What are the building blocks of nutrition for a healthy dog?

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Dogs require almost 40 nutrients on a regular basis and all in correct proportion. If you make sure your pet has adequate amounts of the following, you’ll be certain to keep it healthy

  • Water: It’s important to monitor your dog’s intake of water as drinking too little can lead to dehydration and even death; but drinking too much water can result in stomach bloating or electrolyte imbalance. A good rule of thumb is for him or her to drink ½ to 1 ounce for every pound of body weight; however, keep in mind that your dog may need more, depending upon diet, exercise, hot climates, etc. Some veterinarians eschew any liquid but water, some agree that milk or even Pedialyte is acceptable. Dr. Tracy Sane, DVM. of Greenwich Village Animal Hospital in New York City says he has no problem giving milk to a dog as long as there is no history of digestive upset. He said when he gives almond milk to his own dog, who loves it.
  • Proteins: Necessary for all aspects of growth and development, proteins are very important in structural makeup and the immune system, as they are burned as calories and can be converted to and stored as fat.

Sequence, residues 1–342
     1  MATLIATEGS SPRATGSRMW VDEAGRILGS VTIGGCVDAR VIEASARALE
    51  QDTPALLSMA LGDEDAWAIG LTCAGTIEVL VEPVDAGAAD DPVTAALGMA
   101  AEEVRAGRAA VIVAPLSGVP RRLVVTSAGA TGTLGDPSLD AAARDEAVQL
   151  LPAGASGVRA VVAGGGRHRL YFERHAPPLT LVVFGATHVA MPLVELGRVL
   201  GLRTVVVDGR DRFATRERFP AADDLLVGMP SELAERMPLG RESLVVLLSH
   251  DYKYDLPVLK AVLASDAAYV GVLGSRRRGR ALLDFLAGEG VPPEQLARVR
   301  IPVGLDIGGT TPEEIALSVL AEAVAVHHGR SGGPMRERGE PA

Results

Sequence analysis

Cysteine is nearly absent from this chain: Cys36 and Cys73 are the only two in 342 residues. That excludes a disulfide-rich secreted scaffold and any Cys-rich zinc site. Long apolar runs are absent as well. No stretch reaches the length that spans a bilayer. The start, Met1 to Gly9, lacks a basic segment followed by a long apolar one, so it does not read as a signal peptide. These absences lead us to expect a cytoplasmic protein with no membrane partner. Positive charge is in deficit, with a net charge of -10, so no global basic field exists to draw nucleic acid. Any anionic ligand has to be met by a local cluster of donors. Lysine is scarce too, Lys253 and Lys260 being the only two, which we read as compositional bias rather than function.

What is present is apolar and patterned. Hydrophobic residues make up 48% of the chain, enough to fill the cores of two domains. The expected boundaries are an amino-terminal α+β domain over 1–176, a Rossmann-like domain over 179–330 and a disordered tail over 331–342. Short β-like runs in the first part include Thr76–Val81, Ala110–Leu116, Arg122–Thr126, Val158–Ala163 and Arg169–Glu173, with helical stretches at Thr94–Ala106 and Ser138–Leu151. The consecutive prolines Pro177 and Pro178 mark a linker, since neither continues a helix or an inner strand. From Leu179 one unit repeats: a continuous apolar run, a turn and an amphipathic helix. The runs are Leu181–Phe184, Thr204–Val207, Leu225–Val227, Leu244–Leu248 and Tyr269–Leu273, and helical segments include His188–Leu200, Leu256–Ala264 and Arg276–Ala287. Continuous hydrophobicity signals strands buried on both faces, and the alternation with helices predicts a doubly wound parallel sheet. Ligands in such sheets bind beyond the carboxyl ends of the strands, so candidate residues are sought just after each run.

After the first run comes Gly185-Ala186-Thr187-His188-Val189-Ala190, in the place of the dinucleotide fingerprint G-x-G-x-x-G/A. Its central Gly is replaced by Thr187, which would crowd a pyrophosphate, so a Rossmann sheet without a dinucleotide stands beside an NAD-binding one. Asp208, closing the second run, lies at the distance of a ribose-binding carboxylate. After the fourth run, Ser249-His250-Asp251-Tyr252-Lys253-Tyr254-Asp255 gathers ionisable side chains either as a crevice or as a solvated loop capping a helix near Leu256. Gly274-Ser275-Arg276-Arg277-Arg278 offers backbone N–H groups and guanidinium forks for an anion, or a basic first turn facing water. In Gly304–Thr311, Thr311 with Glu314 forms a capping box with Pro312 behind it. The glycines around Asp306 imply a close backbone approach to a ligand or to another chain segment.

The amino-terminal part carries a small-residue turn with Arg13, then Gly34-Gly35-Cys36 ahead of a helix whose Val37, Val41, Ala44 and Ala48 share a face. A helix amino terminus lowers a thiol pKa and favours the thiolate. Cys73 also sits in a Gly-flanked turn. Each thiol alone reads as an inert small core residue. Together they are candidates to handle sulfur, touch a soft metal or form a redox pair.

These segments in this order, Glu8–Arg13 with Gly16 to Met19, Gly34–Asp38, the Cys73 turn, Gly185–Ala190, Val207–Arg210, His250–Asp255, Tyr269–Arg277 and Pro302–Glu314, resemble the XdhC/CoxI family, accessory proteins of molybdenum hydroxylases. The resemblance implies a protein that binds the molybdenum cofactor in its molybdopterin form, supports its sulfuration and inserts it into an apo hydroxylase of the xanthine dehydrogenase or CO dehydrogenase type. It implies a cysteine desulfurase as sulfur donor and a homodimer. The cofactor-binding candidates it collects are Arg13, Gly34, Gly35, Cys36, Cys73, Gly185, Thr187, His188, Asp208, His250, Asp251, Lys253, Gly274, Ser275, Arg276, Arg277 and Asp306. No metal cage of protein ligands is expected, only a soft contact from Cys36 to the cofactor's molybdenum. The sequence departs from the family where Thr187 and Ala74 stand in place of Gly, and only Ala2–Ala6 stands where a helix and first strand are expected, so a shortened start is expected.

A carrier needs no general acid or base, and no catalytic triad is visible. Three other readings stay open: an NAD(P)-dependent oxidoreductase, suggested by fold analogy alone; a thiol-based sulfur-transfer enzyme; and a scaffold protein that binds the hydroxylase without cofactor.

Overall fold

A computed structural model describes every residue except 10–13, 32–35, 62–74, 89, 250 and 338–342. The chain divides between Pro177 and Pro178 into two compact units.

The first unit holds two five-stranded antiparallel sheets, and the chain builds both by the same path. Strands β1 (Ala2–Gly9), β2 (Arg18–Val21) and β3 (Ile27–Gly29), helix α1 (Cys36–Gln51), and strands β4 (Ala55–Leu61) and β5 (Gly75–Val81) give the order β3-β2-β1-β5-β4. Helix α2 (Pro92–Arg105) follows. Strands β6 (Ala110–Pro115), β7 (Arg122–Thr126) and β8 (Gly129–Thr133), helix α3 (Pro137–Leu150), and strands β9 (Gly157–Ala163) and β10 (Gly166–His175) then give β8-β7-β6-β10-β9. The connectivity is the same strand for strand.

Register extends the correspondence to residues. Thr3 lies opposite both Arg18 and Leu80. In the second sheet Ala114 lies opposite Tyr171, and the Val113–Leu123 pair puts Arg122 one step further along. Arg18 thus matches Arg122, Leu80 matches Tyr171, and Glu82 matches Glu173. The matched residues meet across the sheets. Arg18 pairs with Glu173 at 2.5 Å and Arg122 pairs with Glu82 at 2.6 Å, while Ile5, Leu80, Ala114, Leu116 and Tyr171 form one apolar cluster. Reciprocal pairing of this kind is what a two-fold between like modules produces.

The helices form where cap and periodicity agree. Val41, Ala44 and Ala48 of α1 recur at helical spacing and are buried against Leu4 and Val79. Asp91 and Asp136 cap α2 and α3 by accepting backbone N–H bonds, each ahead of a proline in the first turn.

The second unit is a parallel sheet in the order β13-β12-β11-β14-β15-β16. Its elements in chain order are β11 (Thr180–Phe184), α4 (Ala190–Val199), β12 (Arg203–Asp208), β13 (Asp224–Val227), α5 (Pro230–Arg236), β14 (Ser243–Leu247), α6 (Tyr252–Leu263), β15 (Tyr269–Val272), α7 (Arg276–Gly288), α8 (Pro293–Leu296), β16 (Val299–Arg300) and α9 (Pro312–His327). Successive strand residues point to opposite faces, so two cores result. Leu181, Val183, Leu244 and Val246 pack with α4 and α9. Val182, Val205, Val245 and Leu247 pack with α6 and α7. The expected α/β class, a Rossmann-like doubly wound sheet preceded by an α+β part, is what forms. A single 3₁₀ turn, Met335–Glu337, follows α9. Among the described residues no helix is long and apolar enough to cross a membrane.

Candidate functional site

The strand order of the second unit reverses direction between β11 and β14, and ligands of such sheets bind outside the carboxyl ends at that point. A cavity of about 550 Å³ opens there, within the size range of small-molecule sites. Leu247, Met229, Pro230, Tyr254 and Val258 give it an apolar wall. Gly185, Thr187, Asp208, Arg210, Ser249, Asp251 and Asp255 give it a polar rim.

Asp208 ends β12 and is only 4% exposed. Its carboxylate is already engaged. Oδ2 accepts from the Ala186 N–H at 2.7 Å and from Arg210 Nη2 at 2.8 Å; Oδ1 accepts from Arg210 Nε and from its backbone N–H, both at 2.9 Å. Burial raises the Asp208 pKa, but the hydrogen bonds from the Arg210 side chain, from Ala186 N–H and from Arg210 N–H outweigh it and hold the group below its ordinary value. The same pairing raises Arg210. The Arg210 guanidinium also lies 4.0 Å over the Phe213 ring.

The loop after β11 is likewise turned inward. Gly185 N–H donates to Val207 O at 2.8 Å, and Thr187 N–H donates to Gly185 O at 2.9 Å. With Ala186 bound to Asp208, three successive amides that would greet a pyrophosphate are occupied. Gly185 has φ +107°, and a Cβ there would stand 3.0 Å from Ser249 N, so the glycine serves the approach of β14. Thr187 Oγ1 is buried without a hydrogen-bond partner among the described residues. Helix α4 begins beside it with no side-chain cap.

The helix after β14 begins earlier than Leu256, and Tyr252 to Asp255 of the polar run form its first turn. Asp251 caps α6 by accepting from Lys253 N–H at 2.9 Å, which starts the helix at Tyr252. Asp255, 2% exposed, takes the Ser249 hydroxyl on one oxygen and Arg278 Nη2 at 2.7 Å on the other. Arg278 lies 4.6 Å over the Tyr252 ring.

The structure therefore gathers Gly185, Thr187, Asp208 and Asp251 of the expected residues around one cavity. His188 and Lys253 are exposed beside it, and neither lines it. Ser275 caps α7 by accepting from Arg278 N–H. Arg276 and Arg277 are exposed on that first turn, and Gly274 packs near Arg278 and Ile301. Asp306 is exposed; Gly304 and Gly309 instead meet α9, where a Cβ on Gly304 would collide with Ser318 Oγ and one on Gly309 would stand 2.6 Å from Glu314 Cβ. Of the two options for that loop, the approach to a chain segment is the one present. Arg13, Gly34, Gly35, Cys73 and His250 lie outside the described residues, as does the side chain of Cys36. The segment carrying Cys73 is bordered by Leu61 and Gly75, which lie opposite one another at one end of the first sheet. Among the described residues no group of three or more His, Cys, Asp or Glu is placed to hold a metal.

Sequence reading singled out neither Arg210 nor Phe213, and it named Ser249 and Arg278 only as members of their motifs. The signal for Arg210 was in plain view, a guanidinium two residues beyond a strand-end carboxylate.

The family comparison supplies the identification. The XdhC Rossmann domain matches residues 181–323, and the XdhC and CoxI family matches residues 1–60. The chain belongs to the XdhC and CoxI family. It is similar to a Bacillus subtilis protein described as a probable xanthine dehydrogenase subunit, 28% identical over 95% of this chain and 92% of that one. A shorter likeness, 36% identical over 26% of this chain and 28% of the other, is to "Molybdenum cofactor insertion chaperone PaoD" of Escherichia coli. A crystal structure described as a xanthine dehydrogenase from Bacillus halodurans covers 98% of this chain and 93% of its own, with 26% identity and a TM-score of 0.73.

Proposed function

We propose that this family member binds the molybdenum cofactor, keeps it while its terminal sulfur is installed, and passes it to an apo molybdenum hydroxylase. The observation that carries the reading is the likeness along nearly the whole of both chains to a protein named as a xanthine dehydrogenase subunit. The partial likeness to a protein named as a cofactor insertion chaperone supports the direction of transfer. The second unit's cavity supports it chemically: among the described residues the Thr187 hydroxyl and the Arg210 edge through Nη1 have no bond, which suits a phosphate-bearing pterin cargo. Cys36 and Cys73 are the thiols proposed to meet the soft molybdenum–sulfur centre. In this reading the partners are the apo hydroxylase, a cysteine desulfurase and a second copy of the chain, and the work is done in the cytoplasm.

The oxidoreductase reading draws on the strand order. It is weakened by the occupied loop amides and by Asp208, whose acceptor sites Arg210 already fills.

• Amino Acids: Proteins are made up of amino acids and these amino acids are the building blocks the dog uses to make muscles, hair, skin and enzymes. Your dog needs 22, 10 of which must be provided by diet; the other 12 amino acids can be self-manufactured in her liver.
  • Carbohydrates: Important for providing energy and fiber.They usually come from grains, cereals and plants, including brown rice, corn, potatos or oats.
  • Fats: Fats are the most concentrated source of energy for dogs.They also provide essential fatty acids—necessary for a shiny coat—carry nutrients to cells and aid in metabolic regulation.
  • Vitamins: There are 16 vitamins a dog should have: Vitamins B1, B2, B6, B12, C, A, E, D, K, Pantheon, Thiamine, Riboflavin, Niacin, Folic Acid, Biotin (also known as Vitamin H) and Choline (often grouped with the B Vitamins).
  • Minerals: According to Purina, your dog must have calcium and phosphorous for bone health; magnesium for heart-health; potassium for muscles, and sodium for cellular activity. They all must be in the correct ratio. For instance, an imbalance of calcium and phosphorous could cause weakness.
  • Fiber: Some studies suggest that omnivorous animals (which dogs are) get some of their energy from fiber found in plant foods, legumes and other carbohydrates. The amount needed depends upon your dog.

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